I expect more and more DrupalCamp sites to start building responsive themes to improve their camp-goers’ experiences. If camps aren’t big enough to convince you, look no further than DrupalCon Denver to see a well-designed responsive conference site.

Where can I learn more?!?

I’m so glad you asked! DrupalCamp Austin is offering many training sessions this year, including a Responsive Drupal theming and design training on Sunday by myself and Todd. On Saturday we’ll have some fantastic mobile-oriented sessions:

Mobile sprint before the camp

We’re also hosting a Drupal Mobile sprint on before the camp at the Four Kitchens office. I’ll be there working on D7 mobile modules and anyone is welcome to come! Grab more details on groups.drupal.org

DrupalCon Denver sessions: Web Chef edition

It’s about that time again! Although it’s six months away DrupalCon Denver is ramping up, and session submissions are ready to be voted on by the wonderful Drupal community members. There are almost 600 submissions this year covering every aspect of design, development, mobile, and business strategy. Read on for the informational feasts prepared by the Web Chefs for Denver 2012:


Big Websites for Small Screens: ICANN.org Case Study

Zach Meyer (zachattack), Todd Nienkerk, Chris Ruppel (rupl)

ICANN is the organization responsible for coordinating global use of the domain name system (DNS). Due to the massive scale of their operations they serve users of all types, from feature phone users in Africa to iPad users in LA. This session will take you through Four Kitchens’ process of redesigning ICANN.org from static HTML to a responsive Drupal 7 website.

Lean, Mean, Responsive Machines

Chris Ruppel (rupl)

You’ve heard about responsive, mobile-first websites, and have probably built a few at this point. Mobile users have a short attention span, and they stay happy when sites load FAST. Heavy files, extra assets, and other inefficiencies can cause page loads to drag. Come to this session and learn how to keep your mobile users active without sacrificing the richness that desktop users expect.

Why you don’t need a responsive framework for mobile

Zach Meyer (zachattack)

Frameworks can help you rapidly prototype websites in mobile but they are also a crutch. To make a website responsive or have a fluid layout, flexible images and videos you don’t need a framework and sometimes it can be faster to produce without if you know what you are aiming for. Trying to understand what all the features are in a framework and which ones you really need to use for your project can be hard. Is the framework really meeting your needs or is it a swiss-army knife when all you need is a toothpick?

Wireframing for Every Screen

Aaron Stanush

In this session, we will explore the how the mobile era is changing the previously straightforward task of wireframing a website. When designers only have one instance of website (desktop) to wireframe, the layout is uniform. The header, content area, sidebar, and footer all remain static. But if you are designing a responsive website — one whose look and feel adapts depending whether you’re using a phone, laptop, or tablet — then these elements and especially the layout begin to diverge.

Coding and Development

Automated Performance Testing

Rob Ristroph (rgristroph)

Continuous Integration has become a standard part of the DevOps of many teams, and one component of that is usually automated testing of the code at a “stage” or “testing” point before it is released. Less common is automated performance testing, which is launching a load test at some point in the continuous integration process. While it is more common to monitor performance of the live site, it is rare to test it prior to making changes live.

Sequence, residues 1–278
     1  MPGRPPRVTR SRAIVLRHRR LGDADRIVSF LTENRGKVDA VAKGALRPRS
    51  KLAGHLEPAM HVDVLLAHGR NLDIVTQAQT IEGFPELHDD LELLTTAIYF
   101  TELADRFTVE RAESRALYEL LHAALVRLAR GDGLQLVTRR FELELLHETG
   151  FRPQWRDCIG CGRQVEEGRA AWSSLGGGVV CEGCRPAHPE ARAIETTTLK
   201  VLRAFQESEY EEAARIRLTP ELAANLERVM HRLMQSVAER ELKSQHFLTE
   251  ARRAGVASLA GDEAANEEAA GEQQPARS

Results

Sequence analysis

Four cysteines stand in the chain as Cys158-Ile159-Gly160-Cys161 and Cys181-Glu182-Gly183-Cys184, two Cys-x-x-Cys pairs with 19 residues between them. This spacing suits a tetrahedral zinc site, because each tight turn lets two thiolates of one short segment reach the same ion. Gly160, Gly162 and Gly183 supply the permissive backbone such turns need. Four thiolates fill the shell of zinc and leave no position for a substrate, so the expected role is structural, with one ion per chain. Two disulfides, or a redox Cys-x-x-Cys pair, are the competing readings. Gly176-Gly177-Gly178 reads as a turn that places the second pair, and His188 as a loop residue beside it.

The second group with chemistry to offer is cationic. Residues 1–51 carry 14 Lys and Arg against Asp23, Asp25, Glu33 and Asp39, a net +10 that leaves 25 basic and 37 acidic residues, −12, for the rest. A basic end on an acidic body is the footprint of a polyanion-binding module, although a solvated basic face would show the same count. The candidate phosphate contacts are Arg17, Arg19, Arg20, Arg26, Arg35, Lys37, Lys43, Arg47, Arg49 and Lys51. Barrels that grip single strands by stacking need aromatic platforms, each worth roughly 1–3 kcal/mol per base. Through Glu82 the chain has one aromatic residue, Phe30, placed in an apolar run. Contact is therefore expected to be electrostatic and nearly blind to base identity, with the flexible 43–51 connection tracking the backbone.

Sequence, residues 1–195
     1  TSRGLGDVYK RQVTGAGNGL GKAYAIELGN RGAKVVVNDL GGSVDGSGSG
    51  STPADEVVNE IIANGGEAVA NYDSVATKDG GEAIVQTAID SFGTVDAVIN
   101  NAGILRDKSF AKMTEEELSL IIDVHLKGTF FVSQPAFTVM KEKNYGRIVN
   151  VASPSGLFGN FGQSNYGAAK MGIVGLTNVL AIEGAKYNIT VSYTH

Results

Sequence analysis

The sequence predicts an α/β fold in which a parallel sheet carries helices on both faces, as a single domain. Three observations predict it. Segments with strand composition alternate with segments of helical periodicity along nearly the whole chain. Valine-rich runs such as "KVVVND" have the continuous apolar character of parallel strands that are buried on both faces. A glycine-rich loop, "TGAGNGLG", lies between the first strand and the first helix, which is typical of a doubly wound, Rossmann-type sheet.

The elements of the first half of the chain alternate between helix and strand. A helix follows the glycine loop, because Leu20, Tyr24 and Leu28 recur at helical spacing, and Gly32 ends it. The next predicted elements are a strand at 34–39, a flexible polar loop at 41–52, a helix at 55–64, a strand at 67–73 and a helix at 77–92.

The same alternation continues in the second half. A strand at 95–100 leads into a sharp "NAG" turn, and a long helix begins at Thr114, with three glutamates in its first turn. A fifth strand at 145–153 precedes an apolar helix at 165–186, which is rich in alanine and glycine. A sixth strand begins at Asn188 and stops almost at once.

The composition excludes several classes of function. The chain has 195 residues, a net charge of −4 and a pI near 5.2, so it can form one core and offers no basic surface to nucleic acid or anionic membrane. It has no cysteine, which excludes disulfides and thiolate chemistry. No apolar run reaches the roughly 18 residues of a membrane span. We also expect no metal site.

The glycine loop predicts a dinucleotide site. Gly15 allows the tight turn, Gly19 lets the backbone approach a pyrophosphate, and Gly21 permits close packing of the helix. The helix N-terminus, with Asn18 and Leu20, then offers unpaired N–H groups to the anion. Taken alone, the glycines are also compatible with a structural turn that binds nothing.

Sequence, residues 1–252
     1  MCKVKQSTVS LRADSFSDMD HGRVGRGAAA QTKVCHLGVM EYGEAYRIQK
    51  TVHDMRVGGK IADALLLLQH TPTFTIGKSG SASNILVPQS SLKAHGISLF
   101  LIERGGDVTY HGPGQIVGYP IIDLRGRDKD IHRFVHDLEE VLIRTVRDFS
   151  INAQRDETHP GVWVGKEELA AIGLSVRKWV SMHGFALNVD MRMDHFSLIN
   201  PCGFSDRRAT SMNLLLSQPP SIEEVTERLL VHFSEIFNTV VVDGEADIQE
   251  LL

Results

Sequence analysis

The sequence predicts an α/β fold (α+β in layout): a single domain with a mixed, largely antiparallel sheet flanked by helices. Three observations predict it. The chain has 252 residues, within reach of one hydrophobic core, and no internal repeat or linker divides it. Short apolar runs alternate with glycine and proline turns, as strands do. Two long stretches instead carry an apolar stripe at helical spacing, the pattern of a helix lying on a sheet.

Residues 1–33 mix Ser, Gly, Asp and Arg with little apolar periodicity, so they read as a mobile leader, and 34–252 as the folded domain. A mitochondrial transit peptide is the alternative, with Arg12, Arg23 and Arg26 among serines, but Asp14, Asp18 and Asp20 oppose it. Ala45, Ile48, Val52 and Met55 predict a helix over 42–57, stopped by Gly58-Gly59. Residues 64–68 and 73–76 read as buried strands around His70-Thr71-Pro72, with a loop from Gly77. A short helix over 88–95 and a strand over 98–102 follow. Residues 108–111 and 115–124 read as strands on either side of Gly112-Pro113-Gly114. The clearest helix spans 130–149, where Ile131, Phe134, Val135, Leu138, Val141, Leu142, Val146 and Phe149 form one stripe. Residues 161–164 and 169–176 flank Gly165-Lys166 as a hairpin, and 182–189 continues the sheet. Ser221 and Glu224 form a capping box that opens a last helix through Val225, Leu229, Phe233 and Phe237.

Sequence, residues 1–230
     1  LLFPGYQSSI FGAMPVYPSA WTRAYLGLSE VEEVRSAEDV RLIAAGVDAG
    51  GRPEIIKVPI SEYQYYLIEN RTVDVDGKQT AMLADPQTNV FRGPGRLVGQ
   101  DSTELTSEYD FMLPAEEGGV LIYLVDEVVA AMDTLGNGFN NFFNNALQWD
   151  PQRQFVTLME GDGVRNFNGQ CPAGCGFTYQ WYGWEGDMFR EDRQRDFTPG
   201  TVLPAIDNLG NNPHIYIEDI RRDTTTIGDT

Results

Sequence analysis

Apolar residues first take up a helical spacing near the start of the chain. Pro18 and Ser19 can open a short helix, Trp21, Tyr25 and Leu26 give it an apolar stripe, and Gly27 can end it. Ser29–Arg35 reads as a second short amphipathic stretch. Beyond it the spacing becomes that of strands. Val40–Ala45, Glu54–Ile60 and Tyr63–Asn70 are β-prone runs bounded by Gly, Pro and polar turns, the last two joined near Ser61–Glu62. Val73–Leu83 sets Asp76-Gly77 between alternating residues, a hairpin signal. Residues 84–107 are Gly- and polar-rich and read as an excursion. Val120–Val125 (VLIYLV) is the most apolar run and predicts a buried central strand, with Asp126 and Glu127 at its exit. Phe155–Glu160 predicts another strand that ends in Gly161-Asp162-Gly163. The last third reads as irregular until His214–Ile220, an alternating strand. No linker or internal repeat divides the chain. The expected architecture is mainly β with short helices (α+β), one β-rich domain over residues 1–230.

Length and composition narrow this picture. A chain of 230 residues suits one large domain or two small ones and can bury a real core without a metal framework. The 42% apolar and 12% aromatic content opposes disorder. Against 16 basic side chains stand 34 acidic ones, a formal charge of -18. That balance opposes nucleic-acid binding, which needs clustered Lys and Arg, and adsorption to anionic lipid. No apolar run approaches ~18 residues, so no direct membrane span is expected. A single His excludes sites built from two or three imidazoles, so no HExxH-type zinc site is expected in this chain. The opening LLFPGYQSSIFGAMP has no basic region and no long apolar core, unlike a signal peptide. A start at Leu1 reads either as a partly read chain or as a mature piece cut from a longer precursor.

PHP for NonProgrammers

Diana Dupuis (dianadupuis)

This is a friendly programming introduction for people new to coding. We’ll take a “Physics for Poets” approach to basic PHP concepts like variables, if/else statements, and functions. You’ll write some code, speak some geek, and start down the addictive path of programming logic. There’s also a geek quiz — in case you don’t know your Picards from your Kirks.

Feature Detection and Future-friendly Development

Chris Ruppel (rupl)

In an ever-increasing world of web browsers and mobile devices, how can we possibly keep track of all the front-end functionality on a website? It’s not enough to degrade gracefully; we must be future-friendly. Come to this session to learn about feature detection. It’s the only way to cut through this confusion and maintain a sane developer experience while actually improving user experience.

How Low Can You Go: Reducing Drupal’s Memory Footprint

Rob Ristroph (rgristroph)

Drupal 7 takes more memory per server thread than Drupal 6, reducing the number of threads that can be run on a given server, and raising the minimum requirements for a VPS. This impacts not only bottom-scraping hosting, but also “real” infrastructures, where process size is sometimes viewed as a necessary evil solved by buying RAM. Rob will offer comparisons of D6 versus D7 memory usage in various configurations, and a few simple attempts to reduce it, and benchmark results.

Zero-Downtime Releases For Big Websites: ICANN.org Case Study

Mark Theunissen

Big websites need big uptime. Do you need to keep a site up, even during code rollout and big database schema changes? If you’ve got the infrastructure, we have the method for you. We can show you techniques that maximize uptime with minimum disruption to your site. In addition, we will show how testing your switchover process regularly prepares you for real catastrophic events that may affect your datacenter.

A tale of two scrums: Agile from a developers perspective

Michal Minecki (mirzu)

Scrum and Agile are buzzwords that you seemingly can’t get away from. As a developer, if you haven’t run into them one way or another, you will. After working on two large scrum projects — SDG&E’s new website and The Economist — Mike has seen the good, the great, the bad, and the ugly. In this panel members of both teams will discuss their experiences and review what they loved, and what they hated. We’ll attempt to separate the fact from the sales pitch, the process from the ritual, and give you a view from the trenches.